so they would but cleave to them and speak against the 
church hear; so as ther was nothing but private meetings 
and whisperings amongst them; they feeding themselves 
and others with what they should bring to pass in England 
by the faction of their freinds their, which brought others 
as well as them selves into a fools paradise. Yet they could 
not cary so closly but much of both their doings and sayings 
were discovered, yet outwardly they still set a faire face of 

At lenght when the ship was ready to goe, it was observea 
Liford was long in writing, and sente many letters, and could 
not forbear to comunicate to his intimats such things as 
made them laugh in their sleeves, and thought he had done 
ther errand svifiiciently. The Gov"" and some other of his 
freinds knowing how things stood in England, and what hurt 


these things might doe, tooke a shalop and wente out with the 
ship a league or 2. to sea, and caled for all Lifords and Old- 
ums letters. Mr. WiUiam Peirce being m' of the ship, (and 
knew well theu* evill dealing both in England and here,) af- 
forded him all the assistance he could. He foimd above 20. 
of Lyfords letters, many of them larg, and full of slanders, and 
false accusations, tending not only to their prejudice, but to 
their ruine and utter subversion. Most of the letters they let 
pas, only tooke copys of them, but some of the most materiall 
they sent true copyes of them, and kept the originalls, least he 
should deney them, and that they might produce his owne 
hand against him. Amongst his letters they found the cop- 
pyes of tow letters which he sent inclosed in a leter of his to 
Mr. John Pemberton, a minister, and a great opposite of theirs. 
These 2. letters of which he tooke the coppyes were one of them 
write by a gentle-man in England to Mr. Brewster here, the 
other by Mr. Winslow to Mr. Robinson, in Holand, at his com- 
ing away, as the ship lay at Gravsend. They lying sealed ia 
the great cabin, (whilst Mr. Winslow was bussie aboute the 
affairs of the ship,) this slye marchante taks and opens them, 
taks these coppys, and seals them up againe; and not only 
sends the coppyes of them thus to his friend and their adver- 
sarie, but adds thertoo in the margente many scurrilous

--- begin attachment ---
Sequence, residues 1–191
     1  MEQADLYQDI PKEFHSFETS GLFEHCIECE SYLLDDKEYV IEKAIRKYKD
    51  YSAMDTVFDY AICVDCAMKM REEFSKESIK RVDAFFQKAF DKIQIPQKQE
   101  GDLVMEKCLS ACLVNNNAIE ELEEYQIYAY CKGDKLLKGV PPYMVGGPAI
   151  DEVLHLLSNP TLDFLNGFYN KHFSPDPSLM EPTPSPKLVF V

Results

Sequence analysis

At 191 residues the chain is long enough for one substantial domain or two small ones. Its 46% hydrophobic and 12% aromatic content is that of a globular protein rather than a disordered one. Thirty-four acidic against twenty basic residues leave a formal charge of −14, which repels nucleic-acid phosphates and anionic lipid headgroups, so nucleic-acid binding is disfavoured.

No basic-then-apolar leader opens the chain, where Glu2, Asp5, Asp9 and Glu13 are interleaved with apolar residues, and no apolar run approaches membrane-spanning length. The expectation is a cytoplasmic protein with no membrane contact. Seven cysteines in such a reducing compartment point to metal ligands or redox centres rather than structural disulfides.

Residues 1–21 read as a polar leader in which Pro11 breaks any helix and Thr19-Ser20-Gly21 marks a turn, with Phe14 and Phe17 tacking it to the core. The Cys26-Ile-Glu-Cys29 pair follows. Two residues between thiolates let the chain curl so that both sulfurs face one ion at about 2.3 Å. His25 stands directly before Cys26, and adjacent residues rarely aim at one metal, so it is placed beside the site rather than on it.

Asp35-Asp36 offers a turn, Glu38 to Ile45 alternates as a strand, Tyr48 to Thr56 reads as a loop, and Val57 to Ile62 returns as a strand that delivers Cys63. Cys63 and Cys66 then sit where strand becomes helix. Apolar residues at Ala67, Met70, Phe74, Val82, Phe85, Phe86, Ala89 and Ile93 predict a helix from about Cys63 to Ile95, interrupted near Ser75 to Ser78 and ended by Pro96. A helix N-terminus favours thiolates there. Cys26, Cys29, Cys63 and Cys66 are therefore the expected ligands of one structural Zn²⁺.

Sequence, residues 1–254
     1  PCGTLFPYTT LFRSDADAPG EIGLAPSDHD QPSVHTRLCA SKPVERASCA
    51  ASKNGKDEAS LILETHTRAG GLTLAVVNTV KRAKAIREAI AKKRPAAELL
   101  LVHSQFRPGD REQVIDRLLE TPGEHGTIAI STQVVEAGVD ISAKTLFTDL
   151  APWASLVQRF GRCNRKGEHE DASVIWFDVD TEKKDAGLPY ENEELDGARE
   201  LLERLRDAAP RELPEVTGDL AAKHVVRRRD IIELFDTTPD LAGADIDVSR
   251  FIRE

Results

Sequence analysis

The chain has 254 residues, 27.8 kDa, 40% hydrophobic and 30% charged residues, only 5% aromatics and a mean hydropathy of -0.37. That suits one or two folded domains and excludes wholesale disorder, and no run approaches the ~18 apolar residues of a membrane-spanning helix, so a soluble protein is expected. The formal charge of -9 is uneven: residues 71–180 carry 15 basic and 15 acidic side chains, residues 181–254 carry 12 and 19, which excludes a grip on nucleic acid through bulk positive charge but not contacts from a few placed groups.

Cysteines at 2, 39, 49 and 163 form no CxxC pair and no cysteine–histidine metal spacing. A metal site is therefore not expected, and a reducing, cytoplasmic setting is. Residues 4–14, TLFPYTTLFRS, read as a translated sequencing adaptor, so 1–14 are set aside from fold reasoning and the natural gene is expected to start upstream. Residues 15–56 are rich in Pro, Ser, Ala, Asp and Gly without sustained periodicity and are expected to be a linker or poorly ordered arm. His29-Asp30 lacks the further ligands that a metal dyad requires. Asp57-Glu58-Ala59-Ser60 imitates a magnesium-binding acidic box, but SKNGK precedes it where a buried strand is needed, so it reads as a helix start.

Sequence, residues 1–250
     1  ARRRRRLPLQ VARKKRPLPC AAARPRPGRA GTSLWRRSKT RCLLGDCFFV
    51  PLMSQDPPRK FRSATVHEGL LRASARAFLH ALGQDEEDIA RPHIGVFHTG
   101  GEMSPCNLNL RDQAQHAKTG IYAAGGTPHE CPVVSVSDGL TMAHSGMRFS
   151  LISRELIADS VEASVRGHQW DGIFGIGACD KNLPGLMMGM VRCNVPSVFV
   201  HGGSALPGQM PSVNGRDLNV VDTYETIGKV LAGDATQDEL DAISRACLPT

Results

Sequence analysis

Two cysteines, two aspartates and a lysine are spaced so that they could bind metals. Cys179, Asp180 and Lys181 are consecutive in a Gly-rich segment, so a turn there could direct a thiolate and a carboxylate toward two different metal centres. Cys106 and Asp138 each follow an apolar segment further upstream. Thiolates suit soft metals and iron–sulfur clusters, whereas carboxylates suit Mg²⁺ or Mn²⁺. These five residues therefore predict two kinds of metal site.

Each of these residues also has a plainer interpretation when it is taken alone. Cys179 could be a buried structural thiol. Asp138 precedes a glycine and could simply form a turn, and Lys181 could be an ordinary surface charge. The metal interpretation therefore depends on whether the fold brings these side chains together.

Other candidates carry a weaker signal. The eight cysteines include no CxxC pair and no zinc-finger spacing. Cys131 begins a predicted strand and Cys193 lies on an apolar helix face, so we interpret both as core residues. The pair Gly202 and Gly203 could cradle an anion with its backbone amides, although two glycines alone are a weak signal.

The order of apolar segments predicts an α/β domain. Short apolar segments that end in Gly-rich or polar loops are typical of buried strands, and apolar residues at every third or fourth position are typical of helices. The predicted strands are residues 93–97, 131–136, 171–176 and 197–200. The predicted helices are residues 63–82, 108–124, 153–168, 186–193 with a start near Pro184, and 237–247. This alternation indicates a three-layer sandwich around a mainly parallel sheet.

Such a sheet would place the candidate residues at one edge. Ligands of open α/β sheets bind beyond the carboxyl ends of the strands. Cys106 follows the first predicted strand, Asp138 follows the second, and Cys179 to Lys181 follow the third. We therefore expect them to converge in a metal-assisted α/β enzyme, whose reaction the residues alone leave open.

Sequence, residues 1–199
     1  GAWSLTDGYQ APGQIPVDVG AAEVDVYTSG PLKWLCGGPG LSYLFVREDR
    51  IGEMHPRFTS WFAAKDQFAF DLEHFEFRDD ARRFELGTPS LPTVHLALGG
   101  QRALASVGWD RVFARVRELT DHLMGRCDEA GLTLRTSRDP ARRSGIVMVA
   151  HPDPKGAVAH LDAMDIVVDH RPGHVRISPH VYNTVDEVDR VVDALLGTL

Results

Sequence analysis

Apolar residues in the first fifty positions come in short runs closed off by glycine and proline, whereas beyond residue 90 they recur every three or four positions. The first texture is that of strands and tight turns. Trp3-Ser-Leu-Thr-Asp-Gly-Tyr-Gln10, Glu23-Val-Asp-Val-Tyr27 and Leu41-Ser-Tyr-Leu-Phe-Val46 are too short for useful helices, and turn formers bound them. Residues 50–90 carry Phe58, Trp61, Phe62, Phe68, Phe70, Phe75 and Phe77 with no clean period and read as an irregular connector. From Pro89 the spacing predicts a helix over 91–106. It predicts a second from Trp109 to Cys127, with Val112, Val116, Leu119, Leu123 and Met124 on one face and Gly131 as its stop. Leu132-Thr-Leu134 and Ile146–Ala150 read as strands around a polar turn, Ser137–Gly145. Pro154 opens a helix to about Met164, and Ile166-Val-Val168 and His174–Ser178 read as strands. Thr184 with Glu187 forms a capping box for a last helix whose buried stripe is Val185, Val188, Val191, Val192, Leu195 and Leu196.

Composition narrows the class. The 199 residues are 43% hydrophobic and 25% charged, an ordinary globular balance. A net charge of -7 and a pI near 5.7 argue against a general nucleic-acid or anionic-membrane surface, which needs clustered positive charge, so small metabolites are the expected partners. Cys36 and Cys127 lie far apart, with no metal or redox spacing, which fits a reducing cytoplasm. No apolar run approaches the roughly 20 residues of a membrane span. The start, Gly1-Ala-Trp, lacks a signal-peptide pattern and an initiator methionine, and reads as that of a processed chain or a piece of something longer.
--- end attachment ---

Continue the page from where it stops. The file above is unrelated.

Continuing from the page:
and flouting anotations. This ship went out towards evning, 
and in the night the Gov' returned. They were somwaht 
blanke at it, but after some weeks, when they heard nothing, 
they then were as briske as ever, thinking nothing had been 
knowne, but all was gone currente, and that the Gov"' 
went but to dispatch his owne letters. The reason why the 
Gov"" and rest concealed these things the longer, was to 
let things ripen, that they might the better* discover their 
intents and see who were their adherents. And the rather 
because amongst the rest they found a letter of one of their 
confederats, in which was writen that Mr. Oldame and Mr. 
Lyford intended a reformation in church and commone wealth; 


and, as soone as the ship was gone, they intended to joyne to- 
geather, and have the sacrements, etc. 

For Oldame, few of his leters were foiind, (for he was so 
bad a scribe as his hand was scarce legible,) yet he was as deepe 
in the mischeefe as the other. And thinking they were now 
strong enough, they begane to pick quarells at every thing. 
Oldame being called to watch (according to order) refused to 
come, fell out with the Capten, caled him raskell, and beg- 
gerly raskell, and resisted him, drew his knife at him; though 
he offered him no wrong, nor gave him no ille termes, but with 
all faimes required him to doe his duty. The Gov'', hear- 
ing the tumiilte, sent to quiet it, but he ramped more Uke a 
furious beast then a man, and cald them all treatours, and 
rebells, and other such foule language as I am ashamed to 
remember; but after he was clapt up a while, he came to him 
selfe, and with some slight punishmente was let goe upon his 
behaviour for further censure. 

But to cutt things shorte, at length it grew to this esseue, 
that Lyford with his compUcies,' without ever speaking one 
word either to the Gov"", Church, or Elder, withdrewe them 
selves and set up a pubhck meeting aparte, on the Lord's 
day; with sundry such insolente cariages, too long here to 
relate, begining now publikly to acta what privatly they had 
been long plotting. 

It was now thought high time (to prevent further mis- 
cheefe) to calle them to accounte; so the Gov"" called a 
courts and summoned the whol company to appeare. And 
then charged Lyford and Oldom with such things as they were 
guilty of. But they were stiffe, and stood resolutly upon 
the deneyall of most things, and required proofe. They first 
alledged what was write to them out of England, compared 
with their doings and practises hear; that it was evident they 
joyned in plotting against them, and disturbing their peace, 
both in respecte of their civill and church state, which was 

* Accomplices. 


most injiirious; for both they and all the world knew they 
came hither to injoye the hbertie of their conscience and the 
free use of Gods ordinances; and for that end had ventured 
their lives and passed throwgh so much hardshipe hithertoo, 
and they and their freinds had borne the charg of these begin- 
ings, which was not small. And that Lyford for his parte was 
sent over on this charge, and that both he and his great fam- 
ily was maintained on the same, and also was joyned to the 
church, and a member of them; and for him to plote against 
them and seek their ruine, was most unjust and perfidious. 
And for Oldam or any other that came over at their owne 
charge, and were on ther perticuler, seeing they were received 
in curtesie by the plantation, when they came only to seeke 
shelter and protection imder their wings, not being able to